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Orthodox icon of Saint Theodosia. Contemporary icon.
Commemorated May 29.
The Virgin Martyr Theodosia of Constantinople lived during the eighth century. She was born in answer to the fervent prayers of her parents. After their death, she was raised at the women’s monastery of the holy Martyr Anastasia in Constantinople. Saint Theodosia became a nun after she distributed to the poor of what remained of her parental inheritance. She used part of the money to commission gold and silver icons of the Savior, the Theotokos, and Saint Anastasia.
When Leo the Isaurian (717-741) ascended the imperial throne, he issued an edict to destroy holy icons everywhere. Above the Bronze Gates at Constantinople was a bronze icon of the Savior, which had been there for more than 400 years. In 730, the iconoclast Patriarch Anastasius ordered the icon removed.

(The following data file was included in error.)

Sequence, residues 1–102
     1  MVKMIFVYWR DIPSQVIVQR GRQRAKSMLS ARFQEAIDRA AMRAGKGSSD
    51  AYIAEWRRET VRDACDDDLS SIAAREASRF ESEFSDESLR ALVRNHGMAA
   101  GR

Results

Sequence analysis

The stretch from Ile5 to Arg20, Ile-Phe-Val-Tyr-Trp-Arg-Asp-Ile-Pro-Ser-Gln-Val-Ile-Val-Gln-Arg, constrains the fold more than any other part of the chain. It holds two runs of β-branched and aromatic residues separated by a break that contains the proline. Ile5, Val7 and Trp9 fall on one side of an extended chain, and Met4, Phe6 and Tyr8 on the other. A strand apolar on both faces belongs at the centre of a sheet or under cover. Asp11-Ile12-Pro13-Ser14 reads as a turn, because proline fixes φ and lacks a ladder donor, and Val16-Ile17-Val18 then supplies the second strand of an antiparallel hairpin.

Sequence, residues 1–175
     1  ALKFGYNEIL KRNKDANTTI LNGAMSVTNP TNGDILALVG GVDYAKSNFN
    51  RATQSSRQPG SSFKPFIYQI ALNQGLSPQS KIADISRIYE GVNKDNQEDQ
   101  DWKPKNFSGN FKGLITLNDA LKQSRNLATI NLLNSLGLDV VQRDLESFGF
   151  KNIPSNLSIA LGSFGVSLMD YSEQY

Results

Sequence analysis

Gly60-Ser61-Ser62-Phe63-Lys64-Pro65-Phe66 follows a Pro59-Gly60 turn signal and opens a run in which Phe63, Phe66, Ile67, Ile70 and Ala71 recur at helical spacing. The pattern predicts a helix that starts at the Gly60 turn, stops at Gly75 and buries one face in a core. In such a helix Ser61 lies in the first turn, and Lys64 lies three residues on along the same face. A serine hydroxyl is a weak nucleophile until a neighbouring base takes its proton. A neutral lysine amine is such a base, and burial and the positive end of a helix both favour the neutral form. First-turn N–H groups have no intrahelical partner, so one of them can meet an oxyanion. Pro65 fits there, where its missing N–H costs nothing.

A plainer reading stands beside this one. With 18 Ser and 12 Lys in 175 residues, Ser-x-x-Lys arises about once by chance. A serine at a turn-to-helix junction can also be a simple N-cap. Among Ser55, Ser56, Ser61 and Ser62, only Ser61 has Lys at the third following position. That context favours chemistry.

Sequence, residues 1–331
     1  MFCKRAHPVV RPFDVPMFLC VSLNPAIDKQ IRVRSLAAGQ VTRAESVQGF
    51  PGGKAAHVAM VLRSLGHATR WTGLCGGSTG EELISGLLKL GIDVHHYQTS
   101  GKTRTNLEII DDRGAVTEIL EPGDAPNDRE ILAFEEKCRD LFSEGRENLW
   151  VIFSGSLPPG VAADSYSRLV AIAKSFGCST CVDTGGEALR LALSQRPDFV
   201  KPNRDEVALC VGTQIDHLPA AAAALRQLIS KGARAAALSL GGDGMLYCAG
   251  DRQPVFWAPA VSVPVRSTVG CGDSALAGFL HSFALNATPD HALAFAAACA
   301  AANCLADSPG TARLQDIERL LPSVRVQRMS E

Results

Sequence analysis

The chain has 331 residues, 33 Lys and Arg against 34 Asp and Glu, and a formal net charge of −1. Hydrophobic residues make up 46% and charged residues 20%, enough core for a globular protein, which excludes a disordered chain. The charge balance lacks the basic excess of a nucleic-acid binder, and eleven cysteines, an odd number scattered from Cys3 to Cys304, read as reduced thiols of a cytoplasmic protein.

The Virgin Martyr Theodosia and other women rushed to protect the icon and toppled the ladder with the soldier who was carrying out the command. Then they stoned the impious Patriarch Anastasius, and Emperor Leo ordered soldiers to behead the women. Saint Theodosia, an ardent defender of icons, was locked up in prison. For a week they gave her a hundred lashes each day. On the eighth day, they led her about the city, fiercely beating her along the way. One of the soldiers stabbed the nun in the throat with a ram’s horn, and she received the crown of martyrdom.
The body of the holy virgin martyr was reverently buried by Christians in the monastery of Saint Euphemia in Constantinople, near a place called Dexiokratis. The tomb of Saint Theodosia was glorified by numerous healings of the sick.